from django.db import models# Create your models here.class EconomicData(models.Model):series_reference = models.CharField(db_column="series_reference",max_length=255,help_text="Unique code to identify a particular record",verbose_name="Series Reference",)indicator_name = models.CharField(db_column="indicator_name",max_length=255,verbose_name="Name of the indicators")period = models.CharField(db_column="period",max_length=45,verbose_name="Period")indicator_value = models.DecimalField(db_column="indicator_value",max_digits=30,decimal_places=10,verbose_name="Value of the Field")status = models.CharField(db_column="status",max_length=255,verbose_name="Status of the value For eg, Final or Revised")indicator_unit = models.CharField(db_column="indicator_unit",max_length=255,verbose_name="Unit of the indicators")group_name = models.CharField(db_column="group_name",max_length=255,verbose_name="Group of the indicators")series_name = models.CharField(db_column="series_name",max_length=255,verbose_name="Series of the indicators"null=True)def __str__(self):return f"{self.indicator_name} - {self.value}"class Meta:db_table = "economic_data"verbose_name = "Economic Data"verbose_name_plural = "Economic Data"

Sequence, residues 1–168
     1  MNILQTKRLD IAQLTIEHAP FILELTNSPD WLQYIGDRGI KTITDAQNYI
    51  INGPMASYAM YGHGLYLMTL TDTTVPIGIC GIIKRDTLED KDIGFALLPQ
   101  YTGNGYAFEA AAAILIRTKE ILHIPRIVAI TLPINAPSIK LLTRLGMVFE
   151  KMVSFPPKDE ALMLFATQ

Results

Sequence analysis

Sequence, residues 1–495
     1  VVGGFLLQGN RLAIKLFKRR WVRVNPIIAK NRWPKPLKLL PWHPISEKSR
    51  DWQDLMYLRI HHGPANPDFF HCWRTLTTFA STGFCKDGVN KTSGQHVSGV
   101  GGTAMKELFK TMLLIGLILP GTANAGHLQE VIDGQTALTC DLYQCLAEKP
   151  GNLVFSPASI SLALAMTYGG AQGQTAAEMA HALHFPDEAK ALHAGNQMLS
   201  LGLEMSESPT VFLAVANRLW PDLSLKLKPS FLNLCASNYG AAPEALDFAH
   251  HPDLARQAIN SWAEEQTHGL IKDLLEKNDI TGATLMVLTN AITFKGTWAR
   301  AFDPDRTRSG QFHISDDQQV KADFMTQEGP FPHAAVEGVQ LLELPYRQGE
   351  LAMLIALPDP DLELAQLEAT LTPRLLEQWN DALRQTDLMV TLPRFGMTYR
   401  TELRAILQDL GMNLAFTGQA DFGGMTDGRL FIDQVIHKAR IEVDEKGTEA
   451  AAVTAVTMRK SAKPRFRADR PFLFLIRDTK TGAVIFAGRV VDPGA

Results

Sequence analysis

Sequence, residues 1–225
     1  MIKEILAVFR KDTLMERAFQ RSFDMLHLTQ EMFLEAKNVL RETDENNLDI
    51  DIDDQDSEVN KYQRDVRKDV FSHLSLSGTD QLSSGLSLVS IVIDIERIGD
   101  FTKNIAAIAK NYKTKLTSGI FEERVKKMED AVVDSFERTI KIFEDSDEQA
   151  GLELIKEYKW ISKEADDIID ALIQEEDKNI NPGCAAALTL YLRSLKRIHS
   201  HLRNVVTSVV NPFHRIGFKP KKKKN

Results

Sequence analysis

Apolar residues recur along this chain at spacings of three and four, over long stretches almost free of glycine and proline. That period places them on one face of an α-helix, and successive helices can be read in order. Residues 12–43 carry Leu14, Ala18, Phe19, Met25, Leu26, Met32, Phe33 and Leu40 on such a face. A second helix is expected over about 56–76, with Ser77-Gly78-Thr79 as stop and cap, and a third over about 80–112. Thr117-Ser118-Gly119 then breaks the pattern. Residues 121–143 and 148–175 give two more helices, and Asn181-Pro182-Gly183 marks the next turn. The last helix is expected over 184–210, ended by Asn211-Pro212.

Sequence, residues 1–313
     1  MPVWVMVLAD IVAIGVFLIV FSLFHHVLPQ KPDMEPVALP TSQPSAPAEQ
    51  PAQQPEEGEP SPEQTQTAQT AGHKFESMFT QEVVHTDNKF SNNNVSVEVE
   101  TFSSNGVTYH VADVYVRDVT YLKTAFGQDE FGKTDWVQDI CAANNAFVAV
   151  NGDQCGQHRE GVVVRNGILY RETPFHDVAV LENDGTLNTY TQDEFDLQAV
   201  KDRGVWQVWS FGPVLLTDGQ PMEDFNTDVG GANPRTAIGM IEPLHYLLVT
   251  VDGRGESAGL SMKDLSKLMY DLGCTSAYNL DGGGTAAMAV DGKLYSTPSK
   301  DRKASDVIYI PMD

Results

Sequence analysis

If you are interested in understanding how we can benefit from Django in our data pipeline, then please do let me know the same in the response section below.

We have our table ready. Now, let create our transformation.

Step-3: Loader Transformation

We need to create a loader transformation which read our input CSV, perform manipulation and load the data onto the database.

We need to open our Main.ktr file and drag some plugin as mentioned below.

Step-1: Drag Steps

  1. Firstly, let’s add a small description about the transformation. Documentation is a key for any data pipeline.
  2. Drag ‘CSV file input’, ‘Data grid’, ‘Join rows (cartesian product)’, ‘User defined Java expression’, ‘Filter rows’, ‘Text file output’, ‘Table Output’ plugins from the design tab onto the canvas.
  3. Rename the fields as per our naming convention.
Main transformation after renaming

Step-2: Configure Properties

  1. We need to configure the properties for each of the above-mentioned steps. Let configure for our CSV input step, we need to browse for our input file in the Filename field and click on Get Fields. We can tweak the NIO buffer size as per our memory availability; it will process the files in batches of 50K records each.